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Advances in Anatomic Pathology:
doi: 10.1097/PAP.0b013e3182169934
Review Articles

Approach to the Intraoperative Consultation for Neurosurgical Specimens

Somerset, Hilary Lynch MD*; Kleinschmidt-DeMasters, Bette Kay MD

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Author Information

Departments of *Pathology

Pathology, Neurology and Neurosurgery, Anschutz Medical Campus, University of Colorado at Denver, CO

The authors have no funding or conflicts of interest to disclose.

Reprints: Bette Kay Kleinschmidt-DeMasters, MD, Department of Pathology, MS F768, 12605 E, 16th Avenue, Room 3026, Aurora, CO 80045 (e-mail: All figures can be viewed online in color at

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Intraoperative consultation remains an invaluable tool in the initial evaluation of surgically excised specimens. Good communication is required between the pathologist and surgeon to obtain the best care for their mutual patient. Intraoperative consultation (frozen section, FS) provides a preliminary diagnosis for the surgeon and aids in guiding his/her subsequent surgical approach. For the pathologist, it serves to assess tissue adequacy in the context of the clinical and imaging features of the patient. FS can guarantee that the surgeon is in the desired anatomic location, but most often serves to ensure that adequate amounts of abnormal, and likely diagnostic, tissue will be available to the pathologist to render a final diagnosis on permanent sections. The preliminary evaluation of tissue at the time of intraoperative FS also guides the pathologist in the ordering of ancillary studies, some of which need to be performed on fresh or frozen tissues and must be sent at the time of the intraoperative consultation. This brief review will specifically focus on the role of the pathologist who is called to perform a FS for a neurosurgical specimen. We will discuss (1) the goals of the neurosurgeon for the intraoperative consultation, (2) how to achieve optimal communication between neurosurgeon and pathologist at the time of the FS, (3) what constitutes reasonable and unreasonable expectations by the neurosurgeon for the FS, (4) choices of techniques that can be used by the pathologist, (5) what tissue should be triaged, and (6) common discrepancies between FS and permanent section diagnoses in central nervous system disorders. The published literature on FS and permanent section discrepancies will be briefly reviewed so that pathologists will understand that some difficulties are inherent in neurosurgical specimens and are not specific to their practice, or to a given pathologist. Hopefully, this knowledge will enhance pathologists' confidence as they negotiate how best to handle this time-sensitive, and sometimes angst-producing, task.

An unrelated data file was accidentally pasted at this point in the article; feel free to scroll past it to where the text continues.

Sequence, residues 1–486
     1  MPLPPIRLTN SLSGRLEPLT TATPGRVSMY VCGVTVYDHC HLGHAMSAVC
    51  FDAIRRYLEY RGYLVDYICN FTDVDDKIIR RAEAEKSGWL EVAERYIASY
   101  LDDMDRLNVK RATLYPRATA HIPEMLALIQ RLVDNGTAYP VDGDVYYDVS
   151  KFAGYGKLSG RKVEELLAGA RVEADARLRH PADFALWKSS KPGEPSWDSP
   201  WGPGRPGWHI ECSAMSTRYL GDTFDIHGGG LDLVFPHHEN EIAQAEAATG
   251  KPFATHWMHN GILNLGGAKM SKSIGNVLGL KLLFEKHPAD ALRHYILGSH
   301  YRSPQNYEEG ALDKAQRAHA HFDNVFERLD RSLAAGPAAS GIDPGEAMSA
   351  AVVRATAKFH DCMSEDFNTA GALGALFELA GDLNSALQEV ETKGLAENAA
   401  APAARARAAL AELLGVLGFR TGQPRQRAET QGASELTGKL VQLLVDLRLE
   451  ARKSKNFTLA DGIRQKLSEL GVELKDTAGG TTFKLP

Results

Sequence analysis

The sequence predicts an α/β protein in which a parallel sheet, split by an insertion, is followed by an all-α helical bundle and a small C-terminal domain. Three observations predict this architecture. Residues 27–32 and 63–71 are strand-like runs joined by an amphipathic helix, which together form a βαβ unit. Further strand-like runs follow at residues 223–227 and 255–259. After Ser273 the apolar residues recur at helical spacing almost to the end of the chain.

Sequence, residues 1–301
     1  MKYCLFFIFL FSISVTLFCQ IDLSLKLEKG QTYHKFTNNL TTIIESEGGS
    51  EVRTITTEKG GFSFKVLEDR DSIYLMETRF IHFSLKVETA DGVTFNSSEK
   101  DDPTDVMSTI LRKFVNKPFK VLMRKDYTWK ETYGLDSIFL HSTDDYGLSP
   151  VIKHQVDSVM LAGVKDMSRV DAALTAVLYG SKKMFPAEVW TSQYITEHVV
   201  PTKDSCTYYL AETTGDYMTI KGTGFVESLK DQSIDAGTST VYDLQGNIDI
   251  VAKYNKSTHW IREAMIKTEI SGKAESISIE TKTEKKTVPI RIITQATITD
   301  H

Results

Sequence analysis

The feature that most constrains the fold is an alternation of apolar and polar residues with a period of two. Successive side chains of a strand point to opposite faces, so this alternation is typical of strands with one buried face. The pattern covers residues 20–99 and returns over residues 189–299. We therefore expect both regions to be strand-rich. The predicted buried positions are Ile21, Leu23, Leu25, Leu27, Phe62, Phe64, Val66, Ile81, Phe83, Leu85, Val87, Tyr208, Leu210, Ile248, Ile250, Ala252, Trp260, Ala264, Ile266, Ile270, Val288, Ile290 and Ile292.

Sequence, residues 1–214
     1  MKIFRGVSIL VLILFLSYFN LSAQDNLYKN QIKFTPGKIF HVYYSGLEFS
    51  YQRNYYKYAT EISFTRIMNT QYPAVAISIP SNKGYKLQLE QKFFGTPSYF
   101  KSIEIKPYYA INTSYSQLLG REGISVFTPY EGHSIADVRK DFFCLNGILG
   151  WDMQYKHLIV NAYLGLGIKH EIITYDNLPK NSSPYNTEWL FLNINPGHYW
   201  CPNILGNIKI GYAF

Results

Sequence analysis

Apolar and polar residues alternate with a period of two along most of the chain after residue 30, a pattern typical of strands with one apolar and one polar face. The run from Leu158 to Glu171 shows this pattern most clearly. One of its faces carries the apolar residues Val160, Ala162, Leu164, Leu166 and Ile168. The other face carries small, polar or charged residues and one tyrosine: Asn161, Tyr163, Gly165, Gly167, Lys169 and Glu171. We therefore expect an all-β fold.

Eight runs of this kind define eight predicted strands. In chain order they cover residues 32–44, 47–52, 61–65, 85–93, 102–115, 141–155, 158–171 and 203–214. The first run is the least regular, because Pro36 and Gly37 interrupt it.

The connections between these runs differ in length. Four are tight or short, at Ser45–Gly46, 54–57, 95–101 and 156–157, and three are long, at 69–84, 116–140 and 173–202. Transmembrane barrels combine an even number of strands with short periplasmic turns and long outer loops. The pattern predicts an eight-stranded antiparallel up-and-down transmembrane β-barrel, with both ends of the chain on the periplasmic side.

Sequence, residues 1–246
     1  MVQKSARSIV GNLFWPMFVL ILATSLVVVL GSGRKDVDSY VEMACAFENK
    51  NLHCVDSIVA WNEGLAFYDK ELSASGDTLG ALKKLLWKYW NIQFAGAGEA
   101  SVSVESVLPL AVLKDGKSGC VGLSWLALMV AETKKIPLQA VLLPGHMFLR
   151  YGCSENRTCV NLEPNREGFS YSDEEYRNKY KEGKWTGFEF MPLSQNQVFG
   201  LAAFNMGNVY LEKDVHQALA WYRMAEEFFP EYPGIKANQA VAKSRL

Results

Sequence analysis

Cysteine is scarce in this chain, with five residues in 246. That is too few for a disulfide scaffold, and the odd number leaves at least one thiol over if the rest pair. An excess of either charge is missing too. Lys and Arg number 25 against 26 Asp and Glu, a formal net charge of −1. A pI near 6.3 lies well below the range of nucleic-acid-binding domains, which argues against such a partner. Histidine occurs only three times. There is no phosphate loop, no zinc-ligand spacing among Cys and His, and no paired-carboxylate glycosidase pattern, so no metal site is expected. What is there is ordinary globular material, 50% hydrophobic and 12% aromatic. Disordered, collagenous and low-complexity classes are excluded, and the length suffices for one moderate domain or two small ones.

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Despite advances in neuroimaging including intraoperative neuroimaging techniques, biopsies occasionally collect tissue outside of the lesion. In addition, for stereotactic biopsies, what neurosurgeons consider the optimal target is not always the most informative for pathologists because of known heterogeneity of many tumors and infections. In the event that a first frozen section (FS) specimen fails to capture diagnostic tissue, the pathologist can provide this feedback and offer guidance with regard to acquisition of subsequent specimens. Sometimes a larger specimen or additional stereotactic core biopsies are needed for the diagnosis. Similarly, if a biopsy contains predominantly necrotic material, the neurosurgeon can seek more viable cells at a different depth or location.

Although stereotactic guidance techniques are now commonly used during surgery in most neurosurgical practices, there are limitations. First, the brain may shift during the actual operation because of swelling. Thus, the lesion of interest may be in a slightly different position once the actual operation is underway than it was while the imaging data was being obtained preoperatively. Hence, what seemed to be the “target” for their biopsy can actually be several millimeters, or even centimeters, away from where they obtain the first biopsy specimen they send out to the pathologist. Second, there can also be operator-dependent errors in the neuroimaging guidance calculations. All of this may come as a surprise to the pathologist, who with today's advanced technology, presumes that the neurosurgeon must be in the optimal desired targeted site. In fact, the neurosurgeon often needs the pathologist to confirm that the specimen he/she sent is optimally representative.

What does “optimally representative” actually mean? The most common scenario is when the neuroimaging features are those of a ring-enhancing mass for which the differential diagnosis is bacterial abscess versus a highly necrotic glioblastoma versus metastasis. The pathologist prepares the FS and it appears hypocellular—and he/she is struggling with a diagnosis of gliosis versus normal versus low-grade glioma. Knowing the neuroimaging features, the struggle for the pathologist should cease immediately and additional tissue should be obtained, as the neurosurgeon is not in an optimal area.

In the case of infiltrative primary glial brain tumors, often the most hypercellular and highest grade of tumor is located in the white matter rather than cortical gray matter and the neurosurgeon knows this and attempts to obtain tissue deep to the cortical gray-white junction. However, sulci extend several centimeters deep to the surface of brain and occasionally biopsies aimed for white matter are actually still in gray matter when they are performed along one of these deep sulci. The identification of neurons in the biopsy specimen by the pathologist at the time of FS guides the neurosurgeon in obtaining a deeper white matter specimen. Finally, there are instances where the neurosurgeon is specifically targeting subependymal tissue or some other anatomic location for which he/she needs intraoperative guidance. The pathologist can identify anatomic areas of interest under the microscope that may be valuable to include or exclude in the biopsy.